But the funny thing is, there will be no public revolt when the government blocks a website, or bans something used by a few people. A ban is a ban, whether it is of a popular item or not. As such, the real question is, do we really want the government telling us what can and cannot be used by us? Have we already given up our liberty and freedom, so that some of them can be given back to us piece by piece by the state? Or are we born free with freedom of thought and expression?

Wednesday, July 1, 2009

Protective tariffs and taxes

A journalist Jameel who owns a local print newspaper and farmer Fareed who grows watermelon for a living were talking in a local cafe' about their life and work. They were joined by mutual friend Mohamed who sells music CDs at a local corner shop.

Jameel: Fareed, how is your farming business? I hope it will be good since Ramazan is near.

Fareed: Not too bad, but I am finding fewer and fewer buyers each day. Last ramazan was worse than the previous one. Not sure if this ramazan will be any better.

Mohamed: How so? People still do eat watermelons, especially during ramazan!

F: The imported watermelons are eating into my revenue. They are cheaper than the ones I grow.

J: I am having some problems too. Few people are buying my newspaper, despite more marketing and improved content. All they want to do is surf the net and maybe read some news here and there in blogs. It is putting mine and other newspapers out of business. I have an online version of my paper too, but people link to me without permission!

M: Same here. Not many people buy the CDs now. They would rather download from iTunes or over torrent. But I am not standing still! I am doing something about it!

F & J: Doing what?

M: I am proposing a bill via my MP to put a tax on internet traffic. That way people who use more bandwidth will be taxed more, part of which will be used to subsidize the CDs. It will prevent businesses from bankrupting and causing unemployment.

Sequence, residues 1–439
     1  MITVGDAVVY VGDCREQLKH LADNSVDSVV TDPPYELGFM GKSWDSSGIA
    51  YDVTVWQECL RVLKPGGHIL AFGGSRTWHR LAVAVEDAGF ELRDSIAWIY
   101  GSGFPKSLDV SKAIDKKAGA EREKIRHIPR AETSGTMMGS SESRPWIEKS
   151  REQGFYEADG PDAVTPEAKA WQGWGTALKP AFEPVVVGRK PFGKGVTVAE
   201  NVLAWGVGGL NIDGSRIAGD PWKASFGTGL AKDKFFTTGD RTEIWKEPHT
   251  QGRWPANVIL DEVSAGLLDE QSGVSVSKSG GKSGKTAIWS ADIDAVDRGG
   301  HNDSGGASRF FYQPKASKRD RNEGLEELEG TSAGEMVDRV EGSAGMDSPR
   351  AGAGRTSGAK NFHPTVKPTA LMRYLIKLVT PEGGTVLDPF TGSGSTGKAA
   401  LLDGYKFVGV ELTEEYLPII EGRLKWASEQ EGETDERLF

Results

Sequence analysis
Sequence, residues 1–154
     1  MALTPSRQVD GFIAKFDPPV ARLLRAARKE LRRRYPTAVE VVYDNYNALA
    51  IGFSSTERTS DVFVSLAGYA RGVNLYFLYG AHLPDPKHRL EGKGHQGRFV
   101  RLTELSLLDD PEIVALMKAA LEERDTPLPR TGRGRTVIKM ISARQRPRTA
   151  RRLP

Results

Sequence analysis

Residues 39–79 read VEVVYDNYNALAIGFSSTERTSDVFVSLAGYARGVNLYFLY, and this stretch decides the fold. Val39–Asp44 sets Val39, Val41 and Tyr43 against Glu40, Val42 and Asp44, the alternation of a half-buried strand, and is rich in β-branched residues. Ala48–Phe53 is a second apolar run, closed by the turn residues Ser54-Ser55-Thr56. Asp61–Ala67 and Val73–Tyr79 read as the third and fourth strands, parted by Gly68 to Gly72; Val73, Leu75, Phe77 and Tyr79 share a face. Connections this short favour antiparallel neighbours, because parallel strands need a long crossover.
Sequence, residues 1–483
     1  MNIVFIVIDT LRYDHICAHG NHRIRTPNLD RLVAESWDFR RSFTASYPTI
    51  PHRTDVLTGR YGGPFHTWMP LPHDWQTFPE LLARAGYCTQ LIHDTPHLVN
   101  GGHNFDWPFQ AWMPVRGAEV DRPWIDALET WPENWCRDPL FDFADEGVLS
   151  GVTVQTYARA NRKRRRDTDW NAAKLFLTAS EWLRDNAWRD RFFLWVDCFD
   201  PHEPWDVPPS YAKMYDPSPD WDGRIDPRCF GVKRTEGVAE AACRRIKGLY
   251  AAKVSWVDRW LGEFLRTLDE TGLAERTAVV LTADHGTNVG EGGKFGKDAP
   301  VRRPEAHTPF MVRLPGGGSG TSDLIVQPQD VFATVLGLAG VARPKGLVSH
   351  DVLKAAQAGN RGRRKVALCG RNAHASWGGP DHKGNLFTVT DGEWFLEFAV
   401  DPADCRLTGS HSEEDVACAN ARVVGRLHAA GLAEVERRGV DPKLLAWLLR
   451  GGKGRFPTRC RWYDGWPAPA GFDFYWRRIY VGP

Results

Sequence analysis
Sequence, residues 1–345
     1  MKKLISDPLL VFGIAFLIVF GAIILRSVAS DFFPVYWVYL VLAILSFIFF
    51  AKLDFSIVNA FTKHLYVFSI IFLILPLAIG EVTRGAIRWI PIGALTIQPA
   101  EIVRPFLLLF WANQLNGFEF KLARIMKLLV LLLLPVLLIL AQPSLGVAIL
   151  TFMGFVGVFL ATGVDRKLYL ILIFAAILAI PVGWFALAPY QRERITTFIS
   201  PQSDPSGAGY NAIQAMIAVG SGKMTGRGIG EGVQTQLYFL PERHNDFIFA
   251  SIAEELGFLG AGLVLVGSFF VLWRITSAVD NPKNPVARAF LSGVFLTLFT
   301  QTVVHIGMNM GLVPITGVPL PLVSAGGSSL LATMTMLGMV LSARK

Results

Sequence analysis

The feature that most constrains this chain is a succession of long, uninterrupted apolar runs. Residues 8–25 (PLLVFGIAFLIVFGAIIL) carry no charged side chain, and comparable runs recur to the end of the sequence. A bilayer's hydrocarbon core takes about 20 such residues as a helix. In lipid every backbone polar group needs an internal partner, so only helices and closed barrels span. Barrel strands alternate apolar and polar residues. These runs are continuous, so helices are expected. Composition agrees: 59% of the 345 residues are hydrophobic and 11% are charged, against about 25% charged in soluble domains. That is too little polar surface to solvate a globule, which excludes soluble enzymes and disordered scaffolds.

J: Thats interesting. I could use a similar tax. A tax on blogs and news aggregators. In addition, I am going to propose linking without permission as copyright infringement.

F: You guys are brilliant! I can use your ideas to propose high import taxes on watermelons. And chilli, lemon and mangoes too, because I am actually growing those too.

Jameel and Mohamed didn't appear too happy.

J: Fareed, but that will increase my living costs. And I eat a lot of chilli too!.

M: Yeah thats not fair Fareed.

F: But in my farming island, there is no shop where I can buy music CDs or newspaper. I love music, but my only choice is downloading from iTunes. I have to read news and watch videos on the internet especially on youtube. So my internet traffic is quite high.

M: But I am doing this to protect jobs.

F: Me too.

J: Come to think of it, I also use a lot of internet traffic in my newspaper business. I don't download any music. So I don't think its fair to tax us.

F: Maybe these taxes are not a good thing then.

J: I think so too.

M: I agree.

Thus ended the arguments about protective taxes. One would think that such stupid laws don't float around in the political sphere. But no, there are people who are seriously suggesting to bar linking and paraphrasing to copyrighted material and taxing internet.